The post below on the disappearance of public showering in cocooning times got me thinking about where else we've seen a major change in awkwardness about uncovering our shame in public spaces. Other than bathing, the only other bathroom activity that we do in front of others is taking a wiz.
Unlike showering, where guys now wait until they get back home, we can't always hold it in when we need to go. So unlike the unused showers, public urinals are still in use. But it has become more common for them to have partitions between them so that no one else will see your shame.
I don't remember those at all from when I was a kid, and they do seem familiar at least from the last 15 years. I tried to find out more precisely when they started becoming common, but couldn't tell from Googling. Maybe a visit to Lexis-Nexis would turn up some industry reports about these newfangled urinal dividers. Someone else can look that up, though.
I also couldn't tell how common they may or may not have been during the previous cocooning period of the Midcentury. Some pictures of bathrooms built back then show partitions, and others don't. Even when they're there, some look original and others look like recent remodels.
That being said, I'm still going to call urinal dividers as a cocooning-era sign of anxiety about showing your shame among in-group members who would've been trusted in more outgoing times. In socially withdrawn times, more and more guys act like Painfully Awkward Rob Lowe in a public bathroom.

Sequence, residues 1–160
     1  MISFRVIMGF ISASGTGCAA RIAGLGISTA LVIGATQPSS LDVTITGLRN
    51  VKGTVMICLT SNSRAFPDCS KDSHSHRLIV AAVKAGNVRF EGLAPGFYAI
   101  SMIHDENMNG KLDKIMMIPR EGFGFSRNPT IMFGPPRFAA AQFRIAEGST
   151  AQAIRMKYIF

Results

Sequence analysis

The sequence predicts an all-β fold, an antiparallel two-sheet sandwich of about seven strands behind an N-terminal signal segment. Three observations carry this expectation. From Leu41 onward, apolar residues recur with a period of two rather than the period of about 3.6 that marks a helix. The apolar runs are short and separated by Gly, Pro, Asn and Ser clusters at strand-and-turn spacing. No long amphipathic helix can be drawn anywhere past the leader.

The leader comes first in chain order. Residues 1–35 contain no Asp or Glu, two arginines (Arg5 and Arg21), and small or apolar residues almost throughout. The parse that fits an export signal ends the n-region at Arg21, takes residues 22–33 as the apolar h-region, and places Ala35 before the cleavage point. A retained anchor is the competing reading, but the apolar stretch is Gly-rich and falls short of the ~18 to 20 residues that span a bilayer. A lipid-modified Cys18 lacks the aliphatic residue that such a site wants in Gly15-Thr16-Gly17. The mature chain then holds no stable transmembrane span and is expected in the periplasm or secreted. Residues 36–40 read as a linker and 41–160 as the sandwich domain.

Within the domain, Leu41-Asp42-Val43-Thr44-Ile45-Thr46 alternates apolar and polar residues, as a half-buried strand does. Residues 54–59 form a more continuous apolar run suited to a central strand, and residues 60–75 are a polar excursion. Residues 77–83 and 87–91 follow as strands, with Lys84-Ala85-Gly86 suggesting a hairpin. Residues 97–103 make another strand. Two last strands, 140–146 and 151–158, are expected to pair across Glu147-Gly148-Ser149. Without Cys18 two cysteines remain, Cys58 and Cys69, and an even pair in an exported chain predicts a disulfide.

These dividers are not only installed in highly diverse places where everyone is a stranger, but in those where folks know each other and come from similar backgrounds.
Believe it or not, there is an entire blog dedicated to the current state of bathrooms at Brigham Young University, in the heart of homogeneous white Mormon land. (You never know what data sources are only a few exits down the information super-highway...) And judging from these pictures, their typical bathrooms have partitions between the urinals. Somehow I doubt they were in place back in the '70s and '80s.
In outgoing times, which required greater interpersonal trust, nobody thought twice about draining the snake around others. In a cocooning climate, when people are more suspicious of one another, they're much less likely to allow themselves to be vulnerable enough to uncover their shame around strangers.